The overwhelming suspicion coming out of Europe is that somehow the economy is in economic free-fall. The weak unemployment figures that were provided by Eurostat helped to spark fears of a sell-off. Eurostat reported a unemployment rate of 12.2% in April, which was slightly up from the 12.1% unemployment rate in March.
The Dow Jones Industrial Average has sold off, with a 1.36% decline on the session. The decline in American stocks should be temporary.
My take on the European economy
The broader European economy continues to recover, and that should give investors enough room to breathe something of a sigh of relief. Some economies are flat-lining, with Portugal showing a rapid decline in economic activity. However, the remaining countries seem to be doing fine. Rising unemployment in the European Union will most likely persist. As a result, it is highly likely that the European Central Bank will continue to pump liquidity into the economy. Rising unemployment is generally a lagging indicator, but because it is lagging, you shouldn’t let it affect your behavior by too much.
Friday’s EU unemployment figure triggered a rally in the dollar, an increase in bond values, paired with a minor decline in stocks. In periods of volatility this tends to happen, but given enough time investors will sell bonds in favor of riskier assets like stocks.
Buy the dip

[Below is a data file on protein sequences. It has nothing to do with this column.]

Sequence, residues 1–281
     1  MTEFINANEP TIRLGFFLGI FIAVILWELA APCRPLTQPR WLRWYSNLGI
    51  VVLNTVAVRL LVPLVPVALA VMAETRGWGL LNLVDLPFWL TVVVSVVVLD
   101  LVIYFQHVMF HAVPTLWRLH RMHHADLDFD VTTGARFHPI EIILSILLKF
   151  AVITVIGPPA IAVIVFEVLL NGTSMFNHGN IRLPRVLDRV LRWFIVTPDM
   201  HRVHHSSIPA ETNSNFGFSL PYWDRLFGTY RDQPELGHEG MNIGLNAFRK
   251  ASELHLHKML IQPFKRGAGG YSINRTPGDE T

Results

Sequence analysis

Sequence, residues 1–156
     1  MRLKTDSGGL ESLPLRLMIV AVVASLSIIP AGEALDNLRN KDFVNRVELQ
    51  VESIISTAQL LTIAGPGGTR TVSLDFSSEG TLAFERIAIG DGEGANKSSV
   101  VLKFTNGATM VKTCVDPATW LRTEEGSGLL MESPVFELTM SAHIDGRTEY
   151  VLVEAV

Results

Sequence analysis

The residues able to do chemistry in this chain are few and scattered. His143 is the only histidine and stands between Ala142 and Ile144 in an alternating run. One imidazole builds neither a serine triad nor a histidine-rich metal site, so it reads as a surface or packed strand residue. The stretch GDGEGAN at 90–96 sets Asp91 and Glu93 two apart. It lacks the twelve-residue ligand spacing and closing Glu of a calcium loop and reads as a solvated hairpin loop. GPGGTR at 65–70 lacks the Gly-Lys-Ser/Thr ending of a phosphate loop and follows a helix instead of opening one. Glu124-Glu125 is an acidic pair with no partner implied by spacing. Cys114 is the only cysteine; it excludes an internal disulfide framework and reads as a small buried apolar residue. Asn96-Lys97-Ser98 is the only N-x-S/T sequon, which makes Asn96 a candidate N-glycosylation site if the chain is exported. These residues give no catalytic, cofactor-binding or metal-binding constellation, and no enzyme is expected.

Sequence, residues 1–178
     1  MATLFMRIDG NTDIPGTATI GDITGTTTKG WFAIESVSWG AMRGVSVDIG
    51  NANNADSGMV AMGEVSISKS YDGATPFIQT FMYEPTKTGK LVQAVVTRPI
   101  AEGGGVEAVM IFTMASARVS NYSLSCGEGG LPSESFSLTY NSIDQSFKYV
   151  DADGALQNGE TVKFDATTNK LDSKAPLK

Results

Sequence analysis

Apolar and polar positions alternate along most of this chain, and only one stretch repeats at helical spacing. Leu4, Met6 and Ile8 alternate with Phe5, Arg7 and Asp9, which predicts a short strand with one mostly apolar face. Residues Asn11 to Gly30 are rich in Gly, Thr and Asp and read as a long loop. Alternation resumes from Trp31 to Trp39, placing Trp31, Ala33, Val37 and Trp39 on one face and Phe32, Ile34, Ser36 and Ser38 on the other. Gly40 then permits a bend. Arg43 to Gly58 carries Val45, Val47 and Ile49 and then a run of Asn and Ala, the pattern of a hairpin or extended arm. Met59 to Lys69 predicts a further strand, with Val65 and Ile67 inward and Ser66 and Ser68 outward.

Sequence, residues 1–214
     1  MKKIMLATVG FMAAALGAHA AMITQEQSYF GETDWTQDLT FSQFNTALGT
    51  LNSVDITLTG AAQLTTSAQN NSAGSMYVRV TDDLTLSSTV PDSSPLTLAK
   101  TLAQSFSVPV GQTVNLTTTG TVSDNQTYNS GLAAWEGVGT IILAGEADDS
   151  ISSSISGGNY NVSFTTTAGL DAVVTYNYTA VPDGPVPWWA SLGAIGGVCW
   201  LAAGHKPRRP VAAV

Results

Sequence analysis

Anyone who bought the dip over the past five years has done just outstanding. If I were to choose three stocks to buy I would choose Apple Inc. (NASDAQ:AAPL), American International Group Inc (NYSE:AIG), and Ford Motor Company (NYSE:F). All three companies are likely to grow earnings in a sustainable manner without being priced too far out of reach.
Go with Apple
Apple Inc. (NASDAQ:AAPL) is focusing heavily on the Asian Pacific market. Apple provides a fully complete product experience with a product ecosystem that’s strong enough to fend off the competition. I can only imagine Apple Inc. (NASDAQ:AAPL) winning the hearts of foreign consumers as Apple products are so easy to use and navigate through.
Apple plans on selling low priced versions of its iPhones in foreign markets in order to capture a larger percentage of global market share. Domestically, though, Apple seems to be doing just fine–after all it did gain 2.7% market share, according to ComScore. The gain in market share proves that when given enough time, Apple Inc. (NASDAQ:AAPL) knows how to win the hearts of consumers better than an army of other equipment manufacturers can. That being the case, I believe that Apple will win the hearts of customers internationally as well.
Apple Inc. (NASDAQ:AAPL) trades at a 10.7 earnings multiple, paired with a 2.7% dividend yield. Demand for iPads and iPhones is projected to grow exponentially. Analysts on a consensus basis project 20.88% earnings growth on average over the next 5 years.
To sum it all up, Apple Inc. (NASDAQ:AAPL) pays a bigger dividend than Uncle Sam, grows faster than a corn crop, and is on sale.